EPA plans national bed bug summit
The Environmental Protection Agency is planning its second national bed bug summit for this winter in Washington, D.C. as the blood-sucking pest continues its blitzkrieg on the United States and EPA bans of more effective pesticides are under increasing scrutiny.
The summit is a repeat of an event held in April 2009 in Arlington, Va., but since then the bed bug problem appears only to have grown worse.
Meanwhile, the EPA has still not decided whether to allow the use of a more effective pesticide in Ohio, where the problem is particularly acute.
Even so, several top officials on the front line of the battle against bed bugs told The Daily Caller that the EPA has increased its focus on the issue since its potential role in causing the “epidemic” came under greater scrutiny.
Besides planning a second bed bug summit, the agency also recently updated a website that lists hundreds of EPA-approved substances to combat bed bugs.
The EPA has also recently issued large grants and is studying whether some pesticides currently used for other purposes might be used to target bed bugs, too.
As TheDC reported in August, there were almost no bed bugs in the United States between World War II and the mid-1990s.
Around when bed bugs started their resurgence, Congress passed a major pesticides law in 1996 and the Clinton EPA banned several classes of chemicals that had been effective bed bug killers.
Now some health officials are clamoring to bring those chemicals back to help solve the bed bug “emergency.” Meanwhile, EPA bureaucrats have downplayed the idea and environmentalists are pushing hard against the effort, citing safety concerns.
The issue has led to a standoff between Ohio Gov. Ted Strickland, a Democrat, and EPA chief Lisa Jackson, who dismissed Strickland’s appeals over the issue in a June letter.
However, the EPA has yet to hammer the nails into Ohio’s pesticide coffin, as a top Ohio agriculture official said the state is still holding out hope the EPA will approve the use of Propoxur.
Unlike many of the pesticides banned in the late 1990s, Propoxur was available for use in residential homes until 2007. At that point, the EPA requested further data from its producer for fear it could pose a risk to children. Industry chose to voluntarily restrict its use from residential areas instead, said Matt Beal of the Ohio Department of Agriculture. Beal is heading Ohio’s push for an emergency exemption for Propoxur.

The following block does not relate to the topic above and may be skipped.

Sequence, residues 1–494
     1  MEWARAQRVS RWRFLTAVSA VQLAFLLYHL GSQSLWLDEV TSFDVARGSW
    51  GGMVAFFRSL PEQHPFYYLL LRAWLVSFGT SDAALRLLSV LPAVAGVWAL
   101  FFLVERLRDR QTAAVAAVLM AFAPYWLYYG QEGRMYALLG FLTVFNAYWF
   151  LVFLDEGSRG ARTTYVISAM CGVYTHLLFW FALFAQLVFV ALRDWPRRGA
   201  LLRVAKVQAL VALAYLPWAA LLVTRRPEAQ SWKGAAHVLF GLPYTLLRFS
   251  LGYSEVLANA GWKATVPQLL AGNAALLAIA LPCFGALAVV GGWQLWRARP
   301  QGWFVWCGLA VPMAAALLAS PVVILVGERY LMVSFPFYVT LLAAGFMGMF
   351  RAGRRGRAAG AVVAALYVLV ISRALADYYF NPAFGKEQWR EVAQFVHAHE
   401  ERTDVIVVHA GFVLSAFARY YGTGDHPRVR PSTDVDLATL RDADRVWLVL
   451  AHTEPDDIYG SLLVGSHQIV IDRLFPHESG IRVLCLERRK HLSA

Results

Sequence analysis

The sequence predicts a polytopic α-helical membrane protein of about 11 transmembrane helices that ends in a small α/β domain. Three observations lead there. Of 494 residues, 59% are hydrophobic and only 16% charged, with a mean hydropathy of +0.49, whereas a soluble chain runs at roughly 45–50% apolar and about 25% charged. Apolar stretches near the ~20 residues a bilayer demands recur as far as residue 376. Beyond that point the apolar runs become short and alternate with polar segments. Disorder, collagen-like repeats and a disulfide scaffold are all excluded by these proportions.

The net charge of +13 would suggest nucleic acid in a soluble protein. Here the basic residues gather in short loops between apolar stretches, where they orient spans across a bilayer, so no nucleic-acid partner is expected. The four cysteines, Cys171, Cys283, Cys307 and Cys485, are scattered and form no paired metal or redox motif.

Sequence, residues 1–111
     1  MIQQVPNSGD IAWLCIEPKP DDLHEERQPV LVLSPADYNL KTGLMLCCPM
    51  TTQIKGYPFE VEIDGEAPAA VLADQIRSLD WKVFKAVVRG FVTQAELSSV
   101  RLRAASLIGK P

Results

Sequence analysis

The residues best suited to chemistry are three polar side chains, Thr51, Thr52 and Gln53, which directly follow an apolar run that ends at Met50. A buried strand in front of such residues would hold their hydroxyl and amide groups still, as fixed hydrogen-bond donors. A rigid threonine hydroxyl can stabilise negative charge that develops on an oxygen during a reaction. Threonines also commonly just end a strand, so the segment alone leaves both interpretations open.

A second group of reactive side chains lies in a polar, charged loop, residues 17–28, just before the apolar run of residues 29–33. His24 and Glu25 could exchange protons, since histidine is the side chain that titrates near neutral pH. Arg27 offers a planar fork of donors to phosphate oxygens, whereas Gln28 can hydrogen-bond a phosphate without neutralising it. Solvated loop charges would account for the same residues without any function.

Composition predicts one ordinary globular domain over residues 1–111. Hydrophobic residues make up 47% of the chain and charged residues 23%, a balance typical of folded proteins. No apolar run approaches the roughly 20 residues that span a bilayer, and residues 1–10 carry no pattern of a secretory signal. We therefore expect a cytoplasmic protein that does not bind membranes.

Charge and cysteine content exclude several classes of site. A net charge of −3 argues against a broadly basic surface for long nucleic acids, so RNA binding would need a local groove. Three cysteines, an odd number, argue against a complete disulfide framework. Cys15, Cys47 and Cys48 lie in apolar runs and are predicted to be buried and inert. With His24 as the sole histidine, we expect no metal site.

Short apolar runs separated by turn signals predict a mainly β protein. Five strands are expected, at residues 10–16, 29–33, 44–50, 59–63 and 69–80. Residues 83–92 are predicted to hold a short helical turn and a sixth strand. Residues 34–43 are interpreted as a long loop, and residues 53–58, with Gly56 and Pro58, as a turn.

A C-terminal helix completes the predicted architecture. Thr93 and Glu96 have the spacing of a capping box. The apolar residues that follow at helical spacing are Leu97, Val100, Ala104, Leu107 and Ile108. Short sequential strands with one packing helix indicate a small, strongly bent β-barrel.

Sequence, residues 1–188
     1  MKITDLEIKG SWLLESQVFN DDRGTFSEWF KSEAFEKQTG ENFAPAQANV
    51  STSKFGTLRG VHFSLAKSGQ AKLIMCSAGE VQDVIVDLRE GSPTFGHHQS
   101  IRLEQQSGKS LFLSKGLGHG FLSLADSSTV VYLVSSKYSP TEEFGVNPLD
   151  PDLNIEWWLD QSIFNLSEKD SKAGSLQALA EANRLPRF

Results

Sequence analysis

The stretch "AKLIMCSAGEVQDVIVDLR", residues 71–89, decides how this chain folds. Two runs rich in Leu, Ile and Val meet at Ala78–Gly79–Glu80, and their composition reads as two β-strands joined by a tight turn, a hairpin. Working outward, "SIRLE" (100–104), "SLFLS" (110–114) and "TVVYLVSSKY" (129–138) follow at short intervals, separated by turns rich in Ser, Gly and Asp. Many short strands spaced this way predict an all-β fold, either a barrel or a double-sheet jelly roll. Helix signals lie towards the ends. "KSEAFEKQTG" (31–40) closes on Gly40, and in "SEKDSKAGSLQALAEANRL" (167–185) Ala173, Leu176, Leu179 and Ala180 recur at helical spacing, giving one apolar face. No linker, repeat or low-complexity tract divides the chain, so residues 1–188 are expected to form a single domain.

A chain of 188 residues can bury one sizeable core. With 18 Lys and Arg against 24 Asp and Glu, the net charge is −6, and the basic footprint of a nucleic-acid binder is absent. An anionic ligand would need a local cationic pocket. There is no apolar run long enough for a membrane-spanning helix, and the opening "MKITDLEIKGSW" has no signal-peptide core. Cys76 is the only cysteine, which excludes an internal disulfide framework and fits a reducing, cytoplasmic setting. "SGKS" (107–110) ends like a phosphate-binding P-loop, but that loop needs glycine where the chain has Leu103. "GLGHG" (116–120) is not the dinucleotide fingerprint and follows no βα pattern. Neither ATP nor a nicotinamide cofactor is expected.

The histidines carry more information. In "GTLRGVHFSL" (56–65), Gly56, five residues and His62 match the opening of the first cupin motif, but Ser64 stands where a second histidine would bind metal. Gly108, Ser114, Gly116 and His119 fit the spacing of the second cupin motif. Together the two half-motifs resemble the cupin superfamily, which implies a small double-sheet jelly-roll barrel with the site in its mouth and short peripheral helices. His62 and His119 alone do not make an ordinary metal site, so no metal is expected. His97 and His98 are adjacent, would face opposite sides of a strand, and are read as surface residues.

Any Propoxur manufactured before 2007 is still available for use in residential areas, so pest controllers have a limited supply they use “in order to really smash or crush those infestations,” Beal said.
For this reason, Beal said Ohio has offered to collect data on how Propoxur affects residents whose homes are treated with the chemical to show the EPA it is safe. So far, though, the EPA hasn’t made up its mind whether to pursue that route.
Although it’s been almost one year since Ohio requested an “emergency use” permit to battle bed bugs with the chemical, Beal said the request is unique. “Everybody is learning while they’re going,” Beal said.
Without Propoxur or other, more effective pesticides, bed bug victims face a far more expensive and time-consuming eradication of the pest because of growing resistance in wild bed bug populations to the pesticides that are still allowed by the government.
According to research at the University of Kentucky College of Agriculture, academic headquarters for studying the six-legged beast, some strains of bed bugs can survive, zombie-like, for up to 16 days after being directly sprayed with currently used pesticides.
As with many issues, whether the more effective, banned pesticides are safe depends on who you ask.
Bob Rosenberg of the National Pest Management Association, a trade association representing pest controllers, doesn’t have kids. But if he did, he told The Daily Caller, he “wouldn’t think twice” about having them applied to a residence they were living in.
Officials from Franklin County, Ohio told the EPA the move is necessary given how dire the situation. There, they have “infestations in schools, firehouses, apartment buildings and many other buildings,” a Jan. 15 letter from the county’s health director Paul Rosile said.
One of the arguments cited by Rosile and other proponents of reviving the effective pesticides is that desperate bed bug victims – who feel helpless as zombie bed bugs destroy their lives – are resorting to far less safe alternatives to hit back, do it yourself style.
“Many are resorting to other unsafe methods of treatment, including procuring farm, lawn care and garden chemicals to rid their home of the pests.”
Needless to say, heavy-duty agricultural pesticides were never intended to be sprayed at the base of one’s bed, and while certainly effective, they’re a rather perilous route to sleeping soundly.
That sounds pretty bad. But environmentalist groups say the pesticides that would be effective on bed bugs are dangerous, too.
For instance, the Natural Resources Defense Council (NRDC), the most powerful member of Washington, D.C.’s green lobby, objected to Ohio’s push for better bed bug sprays in a Jan. 20 letter to the EPA.
Propoxur – the pesticide Ohio was hoping to use — “is a known human carcinogen,” NRDC wrote, and “causes a variety of poisoning symptoms, many of which can mimic common illnesses; these include nausea, vomiting, diarrhea, wheezing, sweating and tearing eyes. More severe poisoning can cause muscle twitching, drooling, seizures, respiratory paralysis and death.”